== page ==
“I started Thriftgeek because I couldn’t find a job I wanted,” says Susan Ganem, co-owner of the secondhand store that opened recently at 522 Davis St.
Susan Ganem and B.J. Negrete
That and the fact that both Ganem and co-owner B.J. Negrete had a lot of stuff. “My home was full,” says Ganem. “B.J. was renting a storage facility to hold her stuff.”
The co-owners have been poker-playing friends for a long time. They also share a passion for finding what they call treasures. “We share the same aesthetic. We love the thrill of the treasure hunt, of finding original Fiesta Ware in good conditional at a reasonable price.”
After spending 15 years collecting, they don’t mind selling their stuff. “Now I’m surrounded by it,” Ganem says.” My personal life is simpler because it is purged from my home.” Negrete agrees, “I like finding really cool and unique things and having somebody else enjoy them too.”
For Ganem, opening a shop was natural. “I grew up in a liquor store in Connecticut,” she says. “Retail is in my blood.”
Most days, some of Thriftgeek’s treasures are placed out on the sidewalk to lure passersby. One day last week: A canister/cookie jar shaped like a mushroom, a vintage Formica table ($25), blue and red Pyrex mixing bowls ($5 each), two manual typewriters. Each day is different.
Walking into the shop is a bit overwhelming. There’s a lot of stuff. But it’s soon apparent that the contents are grouped together and thoughtfully displayed – albums, games (Clue, Yahtzee, Probe, Life), old picture frames, lots of glassware. Most items are from mid-last century. There’s furniture (enamel table, 1970s grandfather clock, Swedish modern end table), clothes (jeans at $10 and up), purses, books.
Ganem’s and Negrete’s experience is as eclectic as their shop. After college, Ganem had a career in sports information and later went to work for a small wine business, followed by five years at a dog kennel and daycare in Chicago. She enjoys being in business for herself. “I was not happy working for someone who could let me go because his son needed a job, “she says. “Now at least I’m putting out my own fires.”
Negrete is a cement mason by trade. “I’ve been with my local for 16 years. I love pouring concrete.” She took a couple of years off to work on her art – she’s a painter – and then decided to open the shop. “I thought I’d try something different. I might go back to concrete next year.”
The two have divided the labor. “I’m the person in the background,” says Negrete. “I choose most of the clothes, the artwork, most of the furniture.” She has also refinished some pieces that are for sale and organizes the displays. “I like to make the shop look like I want it to look.”
Ganem spends time with customers, sets prices, and is the expert on glassware, albums, books, games.
“We both have the gift of the eye,” Susan says. “I’m going to be able to tell the Vera scarf from the mountain of scarves.” And sell it in the shop for $7.
But it’s not a thrift store, according to Ganem. “In a way, Thriftgeek is filling in the cracks for treasure hunters. Somebody might have a salt and pepper collection. They’ll come in here and find that one that they’ve been missing or the never saw before. So we can fill in the cracks of other people’s collections.”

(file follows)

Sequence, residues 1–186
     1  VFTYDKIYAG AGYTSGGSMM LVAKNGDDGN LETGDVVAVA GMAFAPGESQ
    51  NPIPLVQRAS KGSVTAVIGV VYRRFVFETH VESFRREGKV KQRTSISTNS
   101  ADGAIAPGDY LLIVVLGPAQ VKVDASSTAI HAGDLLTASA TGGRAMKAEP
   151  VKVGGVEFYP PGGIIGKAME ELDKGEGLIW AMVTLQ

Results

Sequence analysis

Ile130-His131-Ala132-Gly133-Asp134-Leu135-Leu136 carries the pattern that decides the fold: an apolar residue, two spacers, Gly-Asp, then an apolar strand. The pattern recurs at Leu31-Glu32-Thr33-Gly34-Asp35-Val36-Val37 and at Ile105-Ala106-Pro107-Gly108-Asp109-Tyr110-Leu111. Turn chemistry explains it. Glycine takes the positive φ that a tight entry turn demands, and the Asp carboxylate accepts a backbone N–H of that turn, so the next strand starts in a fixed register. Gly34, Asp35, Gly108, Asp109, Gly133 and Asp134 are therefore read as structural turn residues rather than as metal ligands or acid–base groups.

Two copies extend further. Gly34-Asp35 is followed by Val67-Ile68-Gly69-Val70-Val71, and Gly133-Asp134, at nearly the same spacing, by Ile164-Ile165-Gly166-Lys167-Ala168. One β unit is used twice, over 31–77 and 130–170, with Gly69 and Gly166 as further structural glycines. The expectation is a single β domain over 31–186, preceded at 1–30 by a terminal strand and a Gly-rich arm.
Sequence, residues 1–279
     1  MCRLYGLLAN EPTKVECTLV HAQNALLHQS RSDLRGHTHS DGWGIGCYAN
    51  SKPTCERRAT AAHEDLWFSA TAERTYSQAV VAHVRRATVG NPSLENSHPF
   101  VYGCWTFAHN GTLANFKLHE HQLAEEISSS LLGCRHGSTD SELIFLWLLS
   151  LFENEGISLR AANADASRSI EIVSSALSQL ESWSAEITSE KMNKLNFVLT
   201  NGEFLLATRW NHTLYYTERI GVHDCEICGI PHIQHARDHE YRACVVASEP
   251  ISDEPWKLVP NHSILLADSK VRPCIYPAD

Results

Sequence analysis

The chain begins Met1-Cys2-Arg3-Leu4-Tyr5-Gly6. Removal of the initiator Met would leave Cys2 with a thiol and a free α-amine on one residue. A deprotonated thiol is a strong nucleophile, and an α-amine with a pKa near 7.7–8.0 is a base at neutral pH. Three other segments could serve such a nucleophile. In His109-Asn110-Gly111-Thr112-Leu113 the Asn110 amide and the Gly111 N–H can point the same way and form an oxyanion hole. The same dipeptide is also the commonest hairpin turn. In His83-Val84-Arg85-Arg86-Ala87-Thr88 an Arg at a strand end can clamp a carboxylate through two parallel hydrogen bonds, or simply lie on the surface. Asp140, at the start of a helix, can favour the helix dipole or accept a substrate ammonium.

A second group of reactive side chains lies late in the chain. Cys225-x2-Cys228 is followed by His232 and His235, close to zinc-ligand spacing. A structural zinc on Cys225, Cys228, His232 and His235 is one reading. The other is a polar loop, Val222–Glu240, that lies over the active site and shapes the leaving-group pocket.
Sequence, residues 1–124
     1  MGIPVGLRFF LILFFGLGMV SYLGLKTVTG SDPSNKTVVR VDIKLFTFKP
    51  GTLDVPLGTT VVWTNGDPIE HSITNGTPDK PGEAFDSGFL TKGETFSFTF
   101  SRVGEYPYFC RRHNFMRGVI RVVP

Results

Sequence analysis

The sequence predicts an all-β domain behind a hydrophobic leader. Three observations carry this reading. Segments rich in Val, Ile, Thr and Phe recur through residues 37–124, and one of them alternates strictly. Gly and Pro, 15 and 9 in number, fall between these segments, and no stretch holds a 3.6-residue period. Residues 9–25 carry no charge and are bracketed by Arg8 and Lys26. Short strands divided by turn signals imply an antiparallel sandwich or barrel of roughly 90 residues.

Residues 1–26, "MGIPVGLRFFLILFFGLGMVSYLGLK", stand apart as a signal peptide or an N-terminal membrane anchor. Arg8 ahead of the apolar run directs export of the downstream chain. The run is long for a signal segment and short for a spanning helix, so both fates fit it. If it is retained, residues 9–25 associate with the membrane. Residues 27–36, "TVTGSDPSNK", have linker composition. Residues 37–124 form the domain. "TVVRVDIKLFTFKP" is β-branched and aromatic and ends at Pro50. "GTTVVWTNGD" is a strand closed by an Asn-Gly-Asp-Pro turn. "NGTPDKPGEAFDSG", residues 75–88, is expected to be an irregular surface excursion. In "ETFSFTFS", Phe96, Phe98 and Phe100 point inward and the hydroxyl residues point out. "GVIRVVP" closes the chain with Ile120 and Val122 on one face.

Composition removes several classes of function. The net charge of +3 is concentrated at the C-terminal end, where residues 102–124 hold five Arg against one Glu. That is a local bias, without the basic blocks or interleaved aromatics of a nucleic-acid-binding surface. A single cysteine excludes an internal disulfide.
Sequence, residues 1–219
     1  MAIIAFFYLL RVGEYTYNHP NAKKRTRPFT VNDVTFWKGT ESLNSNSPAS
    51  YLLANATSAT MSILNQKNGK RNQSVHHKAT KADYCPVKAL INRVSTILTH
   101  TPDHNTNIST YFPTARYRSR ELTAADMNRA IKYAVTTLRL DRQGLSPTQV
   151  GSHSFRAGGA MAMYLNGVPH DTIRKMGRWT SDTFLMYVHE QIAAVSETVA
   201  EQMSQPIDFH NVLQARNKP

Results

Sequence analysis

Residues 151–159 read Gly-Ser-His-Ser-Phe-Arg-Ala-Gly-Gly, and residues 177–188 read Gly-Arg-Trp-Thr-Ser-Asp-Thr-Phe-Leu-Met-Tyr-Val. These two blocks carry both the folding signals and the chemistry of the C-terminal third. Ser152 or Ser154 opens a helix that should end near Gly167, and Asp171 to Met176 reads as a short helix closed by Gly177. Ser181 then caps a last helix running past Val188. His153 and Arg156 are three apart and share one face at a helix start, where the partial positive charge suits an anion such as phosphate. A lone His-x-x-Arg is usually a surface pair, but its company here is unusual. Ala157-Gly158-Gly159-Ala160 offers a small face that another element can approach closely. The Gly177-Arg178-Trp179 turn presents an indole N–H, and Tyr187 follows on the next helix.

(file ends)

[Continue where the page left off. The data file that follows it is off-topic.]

“We keep acquiring things,” Ganem says. “For instance, a couple was downsizing after 50 years. First the children take what they want. We come in before the Salvation Army.”
They get things from garage sales, estate sales, flea markets, rummage sales, thrift stores. Ganem visited five thrift shops on her day off. People will bring a box of stuff to them. “Some things are too good to throw away, but they don’t have the energy to have their own garage sale.”
“Somebody came to the back one day and said, ‘My car’s been full of things I’ve been meaning to drop off at the Brown Elephant. Will you take them?’” Ganem adds, “Of course, we’ll take them.”
Everything that has a price tag is researched by Ganem. “I’ll see those mugs on eBay or Etsy and if they cost $4 each on eBay but you have to pay freight, I’m going to charge $5.” She points to another item. “That Picasso cream and sugar set was just given to us in a box of stuff. A woman has a booth in an antique mall and those are too new for her. She can’t sell them, so she gives them to us.”
“These are pieces that have stood the test of time. Those Pyrex mixing bowls – I have stainless steel mixing bowls, but I also have the Pyrex ones. That’s what I grew up with and that’s what I’m comfortable with.”
They give things away too. “Things that don’t work for us we take to the thrift shop or to the Junior League or to the Salvation Army or they get left in a box by the Dumpster. We want to give back to the community.” Ganem says.
Ganem and Negrete spent some time looking for retail space in Chicago before settling on Evanston. “I immediately fell in love with the space,” Ganem says. ”The high ceilings. The relative bigness of the space, compared to what we were seeing in Chicago. This was by far more reasonable per square foot than we were able to get in Chicago. It probably took only six weeks to decide on the space and to open. That meant painting and all the city permits. I think it would have taken at least twice as long in Chicago to get open.”
A window, hand-painted by Negrete.
Thriftgeek’s customers are an eclectic bunch, too. “Four kids from Northwestern show up regularly,” says Negrete. “They try on hats and jackets, buy a few t-shirts.” Then there are two women who come in every week and have a competition to see who can find what’s new.
“Our customers have to be willing to come into a second hand store,” Ganem says.” I know a lot of people who wouldn’t even think of it, even some of my sisters. But I think that with the recession, people have to rethink their shopping habits. So we have the people who have never been into stores like this who are just discovering them and seeing how wonderful they are.”